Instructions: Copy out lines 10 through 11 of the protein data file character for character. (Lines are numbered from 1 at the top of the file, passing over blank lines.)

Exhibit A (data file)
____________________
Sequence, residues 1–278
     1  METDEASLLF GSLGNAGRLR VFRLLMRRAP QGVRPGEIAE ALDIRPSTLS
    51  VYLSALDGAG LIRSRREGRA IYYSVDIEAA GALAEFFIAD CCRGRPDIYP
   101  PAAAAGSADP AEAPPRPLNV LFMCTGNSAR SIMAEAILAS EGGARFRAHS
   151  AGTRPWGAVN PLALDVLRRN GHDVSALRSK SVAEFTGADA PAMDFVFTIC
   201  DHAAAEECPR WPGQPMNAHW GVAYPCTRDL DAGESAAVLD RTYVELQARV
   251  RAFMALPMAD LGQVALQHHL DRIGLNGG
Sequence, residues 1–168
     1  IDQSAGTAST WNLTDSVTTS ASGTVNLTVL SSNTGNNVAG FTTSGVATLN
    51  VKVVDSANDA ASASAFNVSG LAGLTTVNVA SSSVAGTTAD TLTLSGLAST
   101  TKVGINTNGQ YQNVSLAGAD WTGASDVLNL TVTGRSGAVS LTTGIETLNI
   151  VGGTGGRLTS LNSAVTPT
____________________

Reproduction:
    51  VKVVDSANDA ASASAFNVSG LAGLTTVNVA SSSVAGTTAD TLTLSGLAST
   101  TKVGINTNGQ YQNVSLAGAD WTGASDVLNL TVTGRSGAVS LTTGIETLNI